- That leaves the bullpen. Takahashi and Nieve were fine selections--both have good arms and could fill in multiple roles. I am aware that there was a lot of speculation that Green would wind up in AAA, but thinking in broad strokes, Green has thrown over 65 innings in the bigs during three straight seasons. It was unlikely that he would not make the roster. It certainly would have been nice to see Calero get his slot, but I'll tolerate that, particularly if the Mets don't think that Calero is ready.
So, that left Figueroa, Misch, Parnell, Calero, Valdes, and Mejia for the last roster slot. Of that group, I would have ranked them as follows:
1. Figgy - Figueroa's big advantage is his versatility. This is a team that may shuffle through 10 or 11 starters this year, what with injury risks and volatility (11 pitchers started for the Mets last year). Figgy would very ably slide in into the rotation. He has also seemed to have reached a higher level of performance, coming off his best season as a pro last year. It is possible that that would be an outlier, but there would be plenty of time to make that judgment over the course of the first few months of the season. Figgy also had no options and had basically guaranteed that he would not accept an assignment to AAA-Buffalo.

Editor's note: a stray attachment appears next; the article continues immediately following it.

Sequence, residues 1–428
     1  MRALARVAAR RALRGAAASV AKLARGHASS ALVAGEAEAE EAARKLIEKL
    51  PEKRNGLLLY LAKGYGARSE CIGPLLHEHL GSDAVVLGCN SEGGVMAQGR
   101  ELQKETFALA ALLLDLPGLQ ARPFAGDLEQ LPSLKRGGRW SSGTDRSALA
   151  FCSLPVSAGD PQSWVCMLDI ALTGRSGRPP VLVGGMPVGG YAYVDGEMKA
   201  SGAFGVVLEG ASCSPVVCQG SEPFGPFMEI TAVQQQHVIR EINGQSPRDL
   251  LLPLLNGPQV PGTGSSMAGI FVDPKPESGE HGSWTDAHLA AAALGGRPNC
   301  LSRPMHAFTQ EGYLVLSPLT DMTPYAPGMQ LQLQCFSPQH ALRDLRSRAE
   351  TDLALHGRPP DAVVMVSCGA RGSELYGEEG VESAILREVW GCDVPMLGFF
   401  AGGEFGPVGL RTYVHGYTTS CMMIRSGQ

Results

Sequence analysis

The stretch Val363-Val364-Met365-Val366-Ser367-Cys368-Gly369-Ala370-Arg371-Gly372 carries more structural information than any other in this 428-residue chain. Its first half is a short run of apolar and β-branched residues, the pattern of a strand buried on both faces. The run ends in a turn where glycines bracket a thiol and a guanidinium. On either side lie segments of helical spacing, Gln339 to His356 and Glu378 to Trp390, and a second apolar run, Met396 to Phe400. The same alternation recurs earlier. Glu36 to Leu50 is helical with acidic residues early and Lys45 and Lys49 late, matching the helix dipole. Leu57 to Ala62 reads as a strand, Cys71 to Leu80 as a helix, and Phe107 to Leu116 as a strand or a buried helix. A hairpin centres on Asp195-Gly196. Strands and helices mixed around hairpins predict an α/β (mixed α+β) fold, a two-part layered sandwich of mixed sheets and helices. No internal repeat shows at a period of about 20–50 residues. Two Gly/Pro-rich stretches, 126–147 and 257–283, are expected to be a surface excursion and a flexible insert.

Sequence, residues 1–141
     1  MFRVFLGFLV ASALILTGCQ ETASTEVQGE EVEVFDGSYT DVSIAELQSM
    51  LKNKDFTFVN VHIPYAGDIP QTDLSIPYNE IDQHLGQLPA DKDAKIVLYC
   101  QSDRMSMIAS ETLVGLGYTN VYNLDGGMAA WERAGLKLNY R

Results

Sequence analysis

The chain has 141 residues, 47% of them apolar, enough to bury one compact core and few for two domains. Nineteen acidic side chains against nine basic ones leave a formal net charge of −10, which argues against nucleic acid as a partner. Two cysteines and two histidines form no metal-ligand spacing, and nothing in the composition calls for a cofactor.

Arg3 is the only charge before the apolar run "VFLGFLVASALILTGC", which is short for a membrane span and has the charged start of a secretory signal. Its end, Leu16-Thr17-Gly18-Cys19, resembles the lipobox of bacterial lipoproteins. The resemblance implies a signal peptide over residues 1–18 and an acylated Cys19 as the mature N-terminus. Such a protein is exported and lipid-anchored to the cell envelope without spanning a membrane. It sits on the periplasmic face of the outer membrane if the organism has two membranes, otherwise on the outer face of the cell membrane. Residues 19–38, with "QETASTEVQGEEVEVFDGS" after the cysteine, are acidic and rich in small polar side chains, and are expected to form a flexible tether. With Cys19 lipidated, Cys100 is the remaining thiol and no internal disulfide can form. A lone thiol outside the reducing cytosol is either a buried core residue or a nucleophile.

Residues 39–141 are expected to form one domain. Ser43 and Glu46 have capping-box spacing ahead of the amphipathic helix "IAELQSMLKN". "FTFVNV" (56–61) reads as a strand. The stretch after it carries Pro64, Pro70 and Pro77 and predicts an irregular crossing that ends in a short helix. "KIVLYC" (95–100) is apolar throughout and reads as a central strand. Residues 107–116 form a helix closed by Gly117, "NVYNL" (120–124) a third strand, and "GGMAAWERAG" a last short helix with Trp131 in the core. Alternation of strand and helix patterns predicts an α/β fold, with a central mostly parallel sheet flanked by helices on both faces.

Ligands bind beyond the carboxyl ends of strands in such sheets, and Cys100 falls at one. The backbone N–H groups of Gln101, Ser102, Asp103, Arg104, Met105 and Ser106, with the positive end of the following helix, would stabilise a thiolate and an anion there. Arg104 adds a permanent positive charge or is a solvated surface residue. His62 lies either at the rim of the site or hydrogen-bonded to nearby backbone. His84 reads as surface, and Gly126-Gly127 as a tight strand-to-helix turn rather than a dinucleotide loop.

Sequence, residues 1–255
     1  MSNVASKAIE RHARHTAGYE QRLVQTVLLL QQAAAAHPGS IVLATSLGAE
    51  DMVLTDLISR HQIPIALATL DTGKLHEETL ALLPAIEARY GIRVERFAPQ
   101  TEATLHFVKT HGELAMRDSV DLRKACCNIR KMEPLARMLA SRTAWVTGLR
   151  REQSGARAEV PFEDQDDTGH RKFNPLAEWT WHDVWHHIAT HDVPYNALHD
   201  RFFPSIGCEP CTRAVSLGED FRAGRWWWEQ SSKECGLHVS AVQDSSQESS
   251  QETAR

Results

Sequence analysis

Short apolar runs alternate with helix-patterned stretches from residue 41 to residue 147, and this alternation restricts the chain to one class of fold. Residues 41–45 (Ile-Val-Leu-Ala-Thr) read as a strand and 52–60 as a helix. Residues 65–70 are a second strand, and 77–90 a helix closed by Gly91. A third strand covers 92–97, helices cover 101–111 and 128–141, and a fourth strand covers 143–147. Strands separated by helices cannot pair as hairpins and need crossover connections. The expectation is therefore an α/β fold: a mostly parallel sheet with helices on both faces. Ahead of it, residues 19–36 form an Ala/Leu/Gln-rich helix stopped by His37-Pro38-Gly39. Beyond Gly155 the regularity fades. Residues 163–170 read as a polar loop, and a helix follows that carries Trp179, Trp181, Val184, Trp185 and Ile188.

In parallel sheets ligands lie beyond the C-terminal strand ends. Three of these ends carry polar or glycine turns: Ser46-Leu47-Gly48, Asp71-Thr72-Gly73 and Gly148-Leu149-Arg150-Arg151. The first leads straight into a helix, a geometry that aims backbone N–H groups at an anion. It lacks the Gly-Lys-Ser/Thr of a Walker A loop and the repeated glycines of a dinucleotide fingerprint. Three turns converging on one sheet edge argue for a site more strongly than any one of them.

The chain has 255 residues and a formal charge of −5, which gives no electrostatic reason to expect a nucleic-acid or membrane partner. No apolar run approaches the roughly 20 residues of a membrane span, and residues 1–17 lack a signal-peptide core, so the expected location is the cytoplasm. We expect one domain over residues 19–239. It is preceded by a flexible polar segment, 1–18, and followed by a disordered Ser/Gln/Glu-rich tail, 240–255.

2. Calero - I don't have the background to project Calero's arm strength, but based on his track record of solid performance, he should have been in the mix. I hope he accepts an assignment to Buffalo and is the first bullpen call-up this year, but his status appears to be in limbo. He may not be able to repeat HIS particularly strong 2009, but again, I don't see the harm in bringing him up.
3. Misch - Misch's strikeout rate was frighteningly low in 2009, so I would generally stay away. Misch would be serviceable in mop-up duty, but his biggest perk is the fact that he is a lefty.
4. Parnell - Parnell was acceptable as a reliever last year (7.4 K/9), but it seems like he could stand to have some minor league development time to work on his secondary offerings. He also has options, which made this decision easier. He has one of the better arms in the system, though, and I would be very surprised if he doesn't contribute to the organization--either as a midseason call-up or as a trade chip--within the next 12 months.
5. Valdes - I know nothing about Valdes, so he was ranked here just as a matter of process of elimination. I was surprised he lasted as long as he did this spring.